Contemporary Human Resource Management - PDF

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CONTEMPORARY PEOPLEMANAGEMENTHuman Happiness through HRM/CPM
CONTEMPORARY PEOPLE MANAGEMENT1ROLEOFHRM/CPM CONTRIBUTIONINTHEHUMANHAPPINESSIn today’s fast pacing business world, corporations focus on generating a competitiveadvantage by implementing effective human resource management (HRM) policies. The top-level management in enterprises focuses on implementing effective contemporary peoplemanagement (CPM) strategy for ensuring that they fulfil employees’ requirements whichresulted in improving their performance. The human resource management focuses onmanaging the human capital in an enterprise by assessing their demands and fulfilling themin order to improve their productivity which assist enterprises in achieving corporateobjectives (Bolton and Houlihan, 2007). While implementing effective HRM/CPM strategies,organisations face a number of issues which negatively affect the performance of employeesand the company as a whole. Corporations face these issues due to factors such as diversity,equality, cultural factors, negative working environment, and others. The HRM strategiesalso focus on a number of ethical issues relating to workers in order to avoid ethicaldilemma at the workplace. The contemporary people management is referred to managingand organising of a group of people operating in the corporation. It is referred to a subset ofHRM; both of these factors face ethical issues relating to employees, rewards, recognition,health and safety, remuneration, and benefits (Bratton and Gold, 2017). This essay will focuson analysing the Utilitarian theory for evaluating the principles of ethics and understand itsrelationship with CPM/HRM. Utilitarianism is an ethical philosophy which provides thathappiness of a greater number of people is considered as a greater good. This essay willevaluate the relationship between happiness of employees and the role of HRM/CPM andhow they are related with each other.As per the basic principle of Utilitarianism, promotion of a large number of people’shappiness is the greater good, and it is the ethical goal of this theory. An action or activity isconsidered as ethical and proportionate if it resulted in promoting and maximising thebenefit of human beings. This theory was developed by Jeremy Bentham and John StuartMill from the late 18thand 19thcentury. The primary objective of the theory is to promotethe happiness of not just performers but others as well. This theory is different from manyother ethical theories because its primary goal is to maximise people’s utility. It providesthat people can perform any action that focuses on maximising utility even if the action is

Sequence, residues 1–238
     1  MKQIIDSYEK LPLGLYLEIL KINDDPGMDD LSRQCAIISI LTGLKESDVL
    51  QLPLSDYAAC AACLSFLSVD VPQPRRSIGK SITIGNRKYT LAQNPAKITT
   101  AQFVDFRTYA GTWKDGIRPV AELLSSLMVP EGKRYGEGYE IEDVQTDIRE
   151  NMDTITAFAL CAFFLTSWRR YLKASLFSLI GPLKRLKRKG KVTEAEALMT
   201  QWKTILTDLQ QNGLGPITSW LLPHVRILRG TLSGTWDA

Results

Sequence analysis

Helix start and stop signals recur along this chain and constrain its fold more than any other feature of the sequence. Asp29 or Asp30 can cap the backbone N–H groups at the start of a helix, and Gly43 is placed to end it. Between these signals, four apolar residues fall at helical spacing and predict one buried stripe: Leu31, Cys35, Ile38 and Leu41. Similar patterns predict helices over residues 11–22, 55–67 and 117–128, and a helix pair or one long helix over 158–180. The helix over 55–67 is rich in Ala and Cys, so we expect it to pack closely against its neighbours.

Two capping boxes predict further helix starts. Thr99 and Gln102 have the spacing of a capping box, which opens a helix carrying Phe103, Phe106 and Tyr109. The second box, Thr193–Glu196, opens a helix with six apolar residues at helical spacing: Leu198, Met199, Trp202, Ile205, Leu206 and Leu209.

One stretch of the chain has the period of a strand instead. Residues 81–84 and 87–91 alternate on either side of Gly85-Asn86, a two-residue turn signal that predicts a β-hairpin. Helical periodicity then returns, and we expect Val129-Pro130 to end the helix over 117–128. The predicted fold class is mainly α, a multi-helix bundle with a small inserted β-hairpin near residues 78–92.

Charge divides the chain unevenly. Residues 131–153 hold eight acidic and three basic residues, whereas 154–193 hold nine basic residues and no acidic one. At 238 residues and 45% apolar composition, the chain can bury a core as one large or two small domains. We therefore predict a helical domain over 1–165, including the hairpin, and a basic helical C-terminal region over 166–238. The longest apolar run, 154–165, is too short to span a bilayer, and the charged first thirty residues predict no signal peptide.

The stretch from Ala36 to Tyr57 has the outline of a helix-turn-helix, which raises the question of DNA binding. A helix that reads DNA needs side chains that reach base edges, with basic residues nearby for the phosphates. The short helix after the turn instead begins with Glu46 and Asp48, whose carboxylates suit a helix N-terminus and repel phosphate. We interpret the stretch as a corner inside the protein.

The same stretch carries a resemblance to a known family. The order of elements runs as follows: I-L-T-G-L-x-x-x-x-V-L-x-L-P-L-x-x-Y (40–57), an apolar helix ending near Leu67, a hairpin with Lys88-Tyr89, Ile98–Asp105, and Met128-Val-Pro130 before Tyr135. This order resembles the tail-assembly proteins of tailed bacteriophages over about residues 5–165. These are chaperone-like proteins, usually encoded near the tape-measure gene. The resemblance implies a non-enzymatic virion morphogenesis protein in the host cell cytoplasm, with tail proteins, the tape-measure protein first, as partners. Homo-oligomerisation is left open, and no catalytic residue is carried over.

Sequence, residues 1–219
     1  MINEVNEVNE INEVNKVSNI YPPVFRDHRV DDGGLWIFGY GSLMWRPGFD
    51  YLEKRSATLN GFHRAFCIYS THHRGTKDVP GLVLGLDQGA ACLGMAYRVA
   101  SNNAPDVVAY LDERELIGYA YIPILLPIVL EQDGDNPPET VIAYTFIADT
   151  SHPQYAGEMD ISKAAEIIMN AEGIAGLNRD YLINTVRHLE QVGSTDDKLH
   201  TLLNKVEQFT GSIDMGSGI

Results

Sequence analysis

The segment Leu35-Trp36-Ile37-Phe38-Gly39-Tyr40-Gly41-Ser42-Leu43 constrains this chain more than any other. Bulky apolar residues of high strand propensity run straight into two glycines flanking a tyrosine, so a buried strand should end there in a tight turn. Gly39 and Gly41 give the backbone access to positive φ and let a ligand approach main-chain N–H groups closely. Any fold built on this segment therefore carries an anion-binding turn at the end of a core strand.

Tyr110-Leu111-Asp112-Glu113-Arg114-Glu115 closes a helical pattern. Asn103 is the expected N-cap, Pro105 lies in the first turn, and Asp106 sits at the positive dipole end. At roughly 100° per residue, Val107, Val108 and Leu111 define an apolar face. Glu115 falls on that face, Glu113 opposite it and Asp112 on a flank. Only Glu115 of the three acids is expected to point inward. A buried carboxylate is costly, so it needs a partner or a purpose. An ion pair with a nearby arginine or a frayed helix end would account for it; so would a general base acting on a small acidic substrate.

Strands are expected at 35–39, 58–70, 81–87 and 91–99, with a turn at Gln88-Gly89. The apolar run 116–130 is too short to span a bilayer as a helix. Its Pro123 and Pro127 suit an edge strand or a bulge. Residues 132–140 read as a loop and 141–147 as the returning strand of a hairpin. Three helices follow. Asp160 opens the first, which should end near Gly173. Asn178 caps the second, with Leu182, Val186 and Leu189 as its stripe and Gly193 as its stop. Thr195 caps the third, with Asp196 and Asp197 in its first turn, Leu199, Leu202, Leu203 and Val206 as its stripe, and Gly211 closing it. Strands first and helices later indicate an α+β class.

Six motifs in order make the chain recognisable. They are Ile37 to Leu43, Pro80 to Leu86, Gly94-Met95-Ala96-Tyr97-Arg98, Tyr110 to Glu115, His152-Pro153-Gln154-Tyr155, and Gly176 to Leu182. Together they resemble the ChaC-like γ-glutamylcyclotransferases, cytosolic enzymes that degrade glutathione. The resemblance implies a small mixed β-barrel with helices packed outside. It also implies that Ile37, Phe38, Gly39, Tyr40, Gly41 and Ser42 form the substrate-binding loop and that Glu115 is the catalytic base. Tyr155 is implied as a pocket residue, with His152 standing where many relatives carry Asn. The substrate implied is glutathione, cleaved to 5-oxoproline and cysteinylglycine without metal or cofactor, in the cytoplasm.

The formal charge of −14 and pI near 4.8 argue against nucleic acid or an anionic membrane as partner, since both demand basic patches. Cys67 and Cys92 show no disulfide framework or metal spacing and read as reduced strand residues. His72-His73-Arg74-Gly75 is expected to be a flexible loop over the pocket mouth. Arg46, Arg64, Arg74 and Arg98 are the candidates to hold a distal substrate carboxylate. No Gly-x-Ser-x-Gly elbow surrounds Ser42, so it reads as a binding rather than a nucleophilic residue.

CONTEMPORARY PEOPLE MANAGEMENT2taken with a wrong motive (Klikauer, 2012). Although utility is different by experts in variousways however it is generally considered as the wellbeing and happiness of human beings ororganisations. The actions which are taken by an individual for promoting happiness doesnot cause any pain or suffering. Furthermore, the theory is expanded by a number ofexperts who provided that quantitative terms are not the only way of measuring utility, butthere are qualitative terms as well. This theory provides that actions are judged based ontheir consequences or effects rather than their performance. The utility theory provides thatthe purpose of morality is to increase the number of good things while at the same time,reducing the number of bad things (Herzog, 2018). In this case, good things are referred aspleasure and happiness whereas the bad things are referred to unhappiness and pain.The Utilitarianism theory did not consider moral and ethical code, however, it focuses onfactors such as traditions, customs, religion and others. This theory depends on the resultsand consequences of actions. The theory judges rightness, wrongness, goodness or badnessof an action based on its effects and consequences of laws, actions, moral conduct, andpolicies which are implemented by an individual or enterprise (Gustafson, 2013). The mainbasis of this theory is the principle of taking actions which produce the best consequences.This theory is based on the “Happiness principle” which determines the morality of anaction based on the fact whether it promotes happiness and maximise the utility of humanbeings and organisations or it promotes unhappiness or pain. The principle did not focus onmorality or unethicalness of the action itself until it is promoting right consequences.Although the ‘Happiness principle’ is considered as good in many ways, however, there aremany flaws relating to this principle as well. The primary issue with this principle is that itdid not comply with the ethical system. It did not consider the effect of actions on thirdparties (Jones and Felps, 2013). The underline policies of this principle are to maximisehappiness and self-welfare even if the actions lead to negatively affecting others. Moreover,the happiness principle did not analyse the future impacts while measuring happiness andmorality. It also did not consider the laws which are developed and imposed by thegovernment Thus, the happiness principle of Utilitarianism is considered as one of the bestmoral theory however it has a number of issues and flows because it did not comply withethical principles.
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